Pharmacological enhancement of doctors’ performances

(My internet has been acting up again. In a nutshell, the wonderful customer service people have not only forgot to upgrade my old plan to the new one; they also canceled my original plan, leaving me with no internet. This, despite the mind-defying fact that i called thrice to confirm my order. When they realized their folly, they did not even have the decency to fast-track my account but instead made me wait another night for the internet because upgrades generally take one night. I have already waited two weeks. Never mind. The fact that i am not surprised, is very telling. One day, this country will realize it cannot continue behaving so lazily and incompetently.)

BMJ 2010;340:c2542

Anyway, i was reading an article in the British Medical Journal about performance-enhancing drugs; legal ones of course, that is ones that are prescribed to patients. For example, in patients with obstructive sleep apneas (think: mercilessly loud snoring) who do not get sufficient sleep because they are constantly choking and waking up to re-breathe; modafinil is used to treat their daytime sleepiness to keep them alert.

There were parallels being drawn in the article with doctors who have to transit through day and night shifts and surgeons who have to perform long complex operations. The article emphasized that we have not accumulated enough evidence to show that taking such drugs to assist in our daily tasks will have no long term side effects.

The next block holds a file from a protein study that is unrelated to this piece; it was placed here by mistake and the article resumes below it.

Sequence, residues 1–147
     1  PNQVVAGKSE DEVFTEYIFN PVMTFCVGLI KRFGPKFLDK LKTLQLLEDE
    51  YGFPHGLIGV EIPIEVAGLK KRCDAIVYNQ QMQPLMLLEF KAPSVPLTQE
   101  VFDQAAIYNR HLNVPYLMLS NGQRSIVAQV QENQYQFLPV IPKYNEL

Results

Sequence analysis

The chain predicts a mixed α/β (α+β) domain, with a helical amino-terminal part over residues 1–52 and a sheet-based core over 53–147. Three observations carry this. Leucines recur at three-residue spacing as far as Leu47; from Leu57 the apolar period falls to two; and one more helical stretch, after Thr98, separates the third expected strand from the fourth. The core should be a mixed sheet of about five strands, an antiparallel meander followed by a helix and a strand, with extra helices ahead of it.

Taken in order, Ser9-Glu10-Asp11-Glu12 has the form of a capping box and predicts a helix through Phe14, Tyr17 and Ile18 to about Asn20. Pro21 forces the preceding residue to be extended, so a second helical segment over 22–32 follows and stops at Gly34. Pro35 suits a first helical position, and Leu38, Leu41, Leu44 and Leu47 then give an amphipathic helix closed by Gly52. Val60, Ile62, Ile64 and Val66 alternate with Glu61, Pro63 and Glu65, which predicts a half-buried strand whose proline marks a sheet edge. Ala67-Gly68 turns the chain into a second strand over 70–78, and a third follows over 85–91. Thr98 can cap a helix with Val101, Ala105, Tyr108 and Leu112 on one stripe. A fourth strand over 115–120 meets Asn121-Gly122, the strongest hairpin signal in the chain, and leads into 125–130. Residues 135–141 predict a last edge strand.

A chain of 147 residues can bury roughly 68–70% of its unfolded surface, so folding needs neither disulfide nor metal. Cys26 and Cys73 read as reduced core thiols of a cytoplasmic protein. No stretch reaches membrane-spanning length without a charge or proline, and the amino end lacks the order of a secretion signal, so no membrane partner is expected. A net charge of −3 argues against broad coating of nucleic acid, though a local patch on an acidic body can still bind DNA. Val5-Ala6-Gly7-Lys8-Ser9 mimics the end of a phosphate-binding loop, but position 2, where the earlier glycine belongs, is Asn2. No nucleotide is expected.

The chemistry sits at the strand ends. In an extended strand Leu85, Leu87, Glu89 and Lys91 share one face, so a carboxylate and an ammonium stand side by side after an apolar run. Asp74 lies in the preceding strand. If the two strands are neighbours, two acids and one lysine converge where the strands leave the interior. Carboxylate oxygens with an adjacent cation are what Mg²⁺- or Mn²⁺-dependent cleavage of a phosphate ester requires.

I have several questions in response to that. So if it has been demonstrated that there aren’t any bad effects from taking such drugs long term; is it ethical to use such drugs to boost our abilities, or unethical to not take such drugs and as a result, commit more medical errors in our exhaustion? If our abilities can be amplified so easily, then really there should not be any differentiation between smart and stupid, weak and strong; so it is all a matter of the balance of chemicals? In that case, should we be feeding all those seeming perceived as low IQs with such drugs so they can contribute more to society (taking into account of course, that not everyone with impaired intellectual capabilities will be lucky with such medications, but there will still be a significant proportion that will respond theoretically)? If we do so, will we be losing our humanity as a whole? Will we become less gracious, less loving, less kind and more impatient?

And i guess, fundamentally, why do we need such performance-aggrandizing drugs anyway? Do we really need to work ourselves to the bone to prove our worth? Is Life just about this? Maybe the solution is as simple as providing more funding and support. If we can’t learn such a basic concept, i doubt a pill can be our miracle cure.

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